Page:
New London Women’s Club has been around since 1914, formed for the purpose of supporting and promoting women’s issues, beautification, education and volunteerism in the community. A few of the current club members have been members of the club for over 50 years.
Deb Silvers, New London Women’s Club president for 2011-2113, is on a mission to promote youth and young women’s volunteerism in the community in a variety of ways.
The first step will be to involve the youth in community projects. High schoolers are now required to complete 20 hours of community service before they graduate. Silvers sees the opportunity to involve them in projects around the city. She and other Women’s Club members are happy to be involved with the youth and show them what volunteerism can do for them. “Giving back and helping others is something that should be instilled in our children from a young age,” says Silvers.
Secondly, she explains, the club will now have three tiers, the first being juniors, age 12-21, women age 22-65, and the senior advisory board, age 66 and over. This affords current members who are now retired a way to take an active role in the club. “Our three tiers can work on different projects throughout the New London area,” she said.
“We have several members who have great ideas, many that were utilized with success in the past in areas of education, libraries, community and governmental issues. We are hoping that we can introduce these to the New London area once again,” adds Silvers.
Just this year the Women’s Club reignited a previous beautification project and partnered with the City, forming The Clean Sweep program with the criteria of keeping an eye on foreclosed and abandoned properties. “We act as the eyes and ears of the community to see that the lawns and sidewalks are cared for and the house doesn’t appear a target for vandals.”
“Things we do around our community are reflected globally, as so many causes over the years have been taken to the State, National and International levels. The General Federation of Women’s Clubs (GFWC) is the support to all Women’s Clubs around the world,” she said. Silvers attended a four-day Regional conference in Madison, and a District conference in Brillion in October, as New London was the newest chapter to join once again this year.
“The General Federation has an amazing history, and continues to do good works that are applauded by governmental bodies and communities throughout the world,” explains Silvers.
A quick search on their website, GFWC.org, reveals one amazing accomplishment after another. Here’s just a few of the projects that the Federation accomplished in over 100 years: In 1898 the GFWC unanimously passed a resolution against child labor; 1910 – GFWC supported legislation for the eight-hour workday, workplace safety and inspection, and workmen’s compensation; 1921 – GFWC created the Indian Welfare Committee, which worked improving both education and health facilities on reservations, as well as preserving Native American culture; 1934 – GFWC began a 10-year study to review the question of the Equal Rights Amendment (ERA); 1960 – Brighten the Night was a nationwide Federation campaign for street lighting to prevent crime and accidents; 1986 – the Federation instituted programs to protect and preserve endangered species; 1997 – over a five year period, GFWC clubwomen raised and donated $13.5 million to public libraries and public school libraries across the nation; 2000s – GFWC members contributed $180,000 for a fully-equipped ambulance for use by the New York Fire Department in response to the loss of equipment suffered during the terrorist attacks on Sept. 11, 2001.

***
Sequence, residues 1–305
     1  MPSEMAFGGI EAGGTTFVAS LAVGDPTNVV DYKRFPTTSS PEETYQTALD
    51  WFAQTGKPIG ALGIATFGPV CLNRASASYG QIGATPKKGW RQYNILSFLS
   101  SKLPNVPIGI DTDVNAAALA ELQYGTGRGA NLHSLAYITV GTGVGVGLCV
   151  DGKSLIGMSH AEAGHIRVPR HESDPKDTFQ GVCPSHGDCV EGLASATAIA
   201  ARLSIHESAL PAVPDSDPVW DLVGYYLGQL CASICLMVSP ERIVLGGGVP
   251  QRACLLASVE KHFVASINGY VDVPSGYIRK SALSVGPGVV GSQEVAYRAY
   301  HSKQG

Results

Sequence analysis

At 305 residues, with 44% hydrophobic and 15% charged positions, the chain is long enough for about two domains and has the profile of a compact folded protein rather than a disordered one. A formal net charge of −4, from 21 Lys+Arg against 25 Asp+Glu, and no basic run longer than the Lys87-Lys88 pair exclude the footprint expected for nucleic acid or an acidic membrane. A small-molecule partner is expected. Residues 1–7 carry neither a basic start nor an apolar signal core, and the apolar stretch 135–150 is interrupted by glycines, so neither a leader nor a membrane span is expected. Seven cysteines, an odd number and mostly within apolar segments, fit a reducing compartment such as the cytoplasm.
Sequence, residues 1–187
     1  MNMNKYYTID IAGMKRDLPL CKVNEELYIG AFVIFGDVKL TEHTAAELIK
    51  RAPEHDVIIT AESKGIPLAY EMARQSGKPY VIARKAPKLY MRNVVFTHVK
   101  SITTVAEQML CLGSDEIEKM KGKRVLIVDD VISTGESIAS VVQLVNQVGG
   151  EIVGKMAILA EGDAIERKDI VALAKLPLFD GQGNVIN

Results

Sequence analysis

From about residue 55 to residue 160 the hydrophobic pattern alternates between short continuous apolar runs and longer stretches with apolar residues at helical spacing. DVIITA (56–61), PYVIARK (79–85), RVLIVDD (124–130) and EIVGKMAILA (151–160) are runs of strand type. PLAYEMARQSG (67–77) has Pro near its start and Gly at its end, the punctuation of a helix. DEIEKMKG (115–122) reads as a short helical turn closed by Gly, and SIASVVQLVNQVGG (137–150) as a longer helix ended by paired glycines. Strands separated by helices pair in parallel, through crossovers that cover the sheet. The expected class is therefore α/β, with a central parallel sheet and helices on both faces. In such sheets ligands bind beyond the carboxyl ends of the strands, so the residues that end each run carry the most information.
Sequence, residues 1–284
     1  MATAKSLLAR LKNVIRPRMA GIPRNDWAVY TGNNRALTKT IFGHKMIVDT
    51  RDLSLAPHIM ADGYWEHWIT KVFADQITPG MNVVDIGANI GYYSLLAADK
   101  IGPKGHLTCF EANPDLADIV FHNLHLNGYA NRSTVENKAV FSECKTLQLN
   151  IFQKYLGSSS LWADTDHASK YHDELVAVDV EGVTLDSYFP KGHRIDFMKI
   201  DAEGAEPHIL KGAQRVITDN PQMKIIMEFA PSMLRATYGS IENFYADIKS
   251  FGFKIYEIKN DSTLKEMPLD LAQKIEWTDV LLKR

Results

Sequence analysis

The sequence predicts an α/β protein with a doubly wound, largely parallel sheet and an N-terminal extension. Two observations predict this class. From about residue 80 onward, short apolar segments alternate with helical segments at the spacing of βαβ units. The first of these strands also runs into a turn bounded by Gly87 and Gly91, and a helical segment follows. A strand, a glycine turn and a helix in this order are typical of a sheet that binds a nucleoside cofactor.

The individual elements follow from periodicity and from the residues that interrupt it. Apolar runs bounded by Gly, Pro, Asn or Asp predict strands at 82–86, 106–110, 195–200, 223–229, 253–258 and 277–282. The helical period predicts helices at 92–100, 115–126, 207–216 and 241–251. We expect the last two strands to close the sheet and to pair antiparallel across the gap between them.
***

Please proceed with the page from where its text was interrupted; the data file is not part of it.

Today, GFWC continues its tradition of addressing social issues affecting women and families through programs that combat violence against women and promote human rights.
The state of Wisconsin currently has 61 active clubs, and nationally 4,000 clubs exist. There are clubs in more than a dozen countries.
“So you see that this is not just a local movement, but reaches around the globe. Ideas are born in every corner of our world and brought to the state and national stage over time,” explained Silvers. “We have an obligation to teach our youth that volunteerism is the backbone of our success as a community.”
Call Deb Silvers at 920.982.6201 or e-mail email@example.com if you would like to discuss youth and women’s volunteerism and the projects available in the upcoming months. “We are excited to launch our 2011 membership in New London and look forward to hearing from community members. Meanwhile check out the GFWC web site for any additional information.”